An actuation member 140 may be attached to a portion of the second segment 132 and extend from the second segment 132 proximally through the layer of tissue 500 and platform 110. Actuation member 140 may be a tensile element such as a cable, wire, or suture. Platform 110 may include an aperture 110 c through which actuation member 140 may pass. An operator can thus grasp a portion of the actuation member 140 and exert a tensile force to effect rotation of the second segment 132 about the point of attachment 130 a. Accordingly, an operator controls the degree to which the second segment 132 rotates about the point of attachment 130 a from an area proximal of the platform 110. In this way, the operator also controls the secure coupling of the engagement surface 132 b and receiving surface 120 c. In embodiments, the actuation member 140 may be configured as a rigid member such as a bar, rod, or lever through which an operator can exert compressive or tensile forces to effect rotation of the second segment 132 about the point of attachment 130 a.

Actuation member 140 may also be used to disengage engagement surface 132 b and receiving surface 120 c. As the actuation member 140 is pulled further proximally by an operator, the compressive forces that hold engagement surface 132 b and receiving surface 120 c together may be overcome by the tensile forces exerted by the tensile member 140. Aperture 110 c may be dimensioned such that an operator may pull actuation member 140 in a manner to offset second segment 132 from a radial path that aligns with tissue penetrating member 120, allowing second segment 132 to fall freely or in a controlled manner to a substantially straight condition with first segment 131. Alternatively, sliding tab 134 may be used to exert a distal force on second segment 132 to overcome the compressive forces holding engagement surface 132 b and receiving surface 120 c in secure relation.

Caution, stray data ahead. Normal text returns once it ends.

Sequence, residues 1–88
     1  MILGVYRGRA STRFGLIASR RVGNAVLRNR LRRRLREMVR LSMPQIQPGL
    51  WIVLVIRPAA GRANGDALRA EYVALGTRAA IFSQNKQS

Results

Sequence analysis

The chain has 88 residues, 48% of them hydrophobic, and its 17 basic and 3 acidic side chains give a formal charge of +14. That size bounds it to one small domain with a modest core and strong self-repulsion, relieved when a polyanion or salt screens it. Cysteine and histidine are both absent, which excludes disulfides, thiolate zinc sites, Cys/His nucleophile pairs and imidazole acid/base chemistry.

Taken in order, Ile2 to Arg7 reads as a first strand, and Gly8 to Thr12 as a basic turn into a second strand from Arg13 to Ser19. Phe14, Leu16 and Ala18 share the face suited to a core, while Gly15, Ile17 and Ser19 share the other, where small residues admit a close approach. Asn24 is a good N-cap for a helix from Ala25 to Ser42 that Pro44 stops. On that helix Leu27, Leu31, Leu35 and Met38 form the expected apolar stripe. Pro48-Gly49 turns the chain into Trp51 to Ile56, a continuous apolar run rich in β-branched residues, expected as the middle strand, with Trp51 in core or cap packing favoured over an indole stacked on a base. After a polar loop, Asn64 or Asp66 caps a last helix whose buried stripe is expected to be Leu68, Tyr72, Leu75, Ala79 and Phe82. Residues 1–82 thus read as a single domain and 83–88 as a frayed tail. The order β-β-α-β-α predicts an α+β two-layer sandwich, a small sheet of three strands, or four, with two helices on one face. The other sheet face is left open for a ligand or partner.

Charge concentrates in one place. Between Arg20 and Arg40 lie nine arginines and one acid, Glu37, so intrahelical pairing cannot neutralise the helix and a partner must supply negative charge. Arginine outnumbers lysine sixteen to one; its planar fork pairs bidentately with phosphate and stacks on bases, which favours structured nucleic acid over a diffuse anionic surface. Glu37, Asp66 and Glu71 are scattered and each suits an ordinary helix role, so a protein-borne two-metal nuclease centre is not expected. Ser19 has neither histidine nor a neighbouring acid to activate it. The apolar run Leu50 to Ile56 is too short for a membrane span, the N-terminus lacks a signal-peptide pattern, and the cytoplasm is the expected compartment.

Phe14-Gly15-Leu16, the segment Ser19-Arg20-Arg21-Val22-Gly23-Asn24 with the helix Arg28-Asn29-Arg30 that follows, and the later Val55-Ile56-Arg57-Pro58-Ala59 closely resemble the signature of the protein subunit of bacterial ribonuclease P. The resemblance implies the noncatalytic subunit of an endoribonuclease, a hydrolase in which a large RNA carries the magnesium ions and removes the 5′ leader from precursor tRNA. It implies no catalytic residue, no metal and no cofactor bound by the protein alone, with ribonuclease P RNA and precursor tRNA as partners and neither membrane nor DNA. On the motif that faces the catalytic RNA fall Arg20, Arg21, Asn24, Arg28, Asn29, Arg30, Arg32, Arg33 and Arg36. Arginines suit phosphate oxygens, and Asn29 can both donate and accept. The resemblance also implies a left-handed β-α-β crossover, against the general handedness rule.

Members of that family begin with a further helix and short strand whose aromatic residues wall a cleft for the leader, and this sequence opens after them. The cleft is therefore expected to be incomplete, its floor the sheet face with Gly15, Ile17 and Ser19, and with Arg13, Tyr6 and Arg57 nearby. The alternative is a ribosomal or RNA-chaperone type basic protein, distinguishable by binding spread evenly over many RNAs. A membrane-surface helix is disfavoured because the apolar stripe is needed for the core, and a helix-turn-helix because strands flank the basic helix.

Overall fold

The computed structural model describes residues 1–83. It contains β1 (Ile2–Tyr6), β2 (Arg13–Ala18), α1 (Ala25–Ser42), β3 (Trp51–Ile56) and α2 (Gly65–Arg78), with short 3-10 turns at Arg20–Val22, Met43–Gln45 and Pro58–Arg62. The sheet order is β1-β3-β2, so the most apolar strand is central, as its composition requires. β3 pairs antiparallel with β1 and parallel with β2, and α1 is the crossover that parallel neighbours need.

Turning to FIG. 2, the surgical support apparatus 100 is shown disposed above a layer of tissue 500 with the tissue penetrating members 120, 130 disengaged from each other and prior to insertion into a layer of tissue 500. Tissue penetrating members 120, 130 are substantially straight, easing insertion into the layer of tissue 500. Accordingly, sliding tab 134 (shown in phantom) is shown translated distally within passage 130 b, maintaining second segment 132 in a substantially straight condition with respect to segment 131 and inhibiting rotation about the point of attachment 130 a.

Referring to FIG. 3, the surgical support apparatus 100 is shown with the tissue penetrating members 120, 130 inserted into a layer of tissue 500. The platform 110 rests upon body surface 500 a. Upon insertion into the layer of tissue 500, the sliding tab 134 is translated proximally, away from second segment 132. Second segment 132 of the second tissue penetrating member 130 is thus free to rotate about the point of attachment 130 a to the first segment 131.

Turning now to FIG. 4, the surgical access apparatus 100 is shown with the actuation member 140 engaged and pulled proximally by an operator to rotate the second segment 132 of the tissue penetrating member 130 into position to securely engage the tissue penetrating member 120. As the actuation member 140 is pulled through the aperture 110 c and proximally of the platform 110, tensile forces cause the rotation of the second segment 132 about the point of attachment 130 a. Second segment 132 of tissue penetrating member 130 radially approaches tissue penetrating member 120 until the engaging surface 132 b aligns with and contacts the receiving surface 120 c of the tissue penetrating member 120. As discussed above, the tissue penetrating members 120, 130 are urged together by a compressive force.

Referring now to FIG. 5, the tissue penetrating members 120, 130 are securely engaged. As shown, the engagement surface 132 b is secured with the receiving surface 120 c. The engaged tissue penetrating members 120, 130 form a secure structure in internal body cavity 500 b. As described earlier, the tissue penetrating members 120, 130 resist disengagement without the intervention of an operator.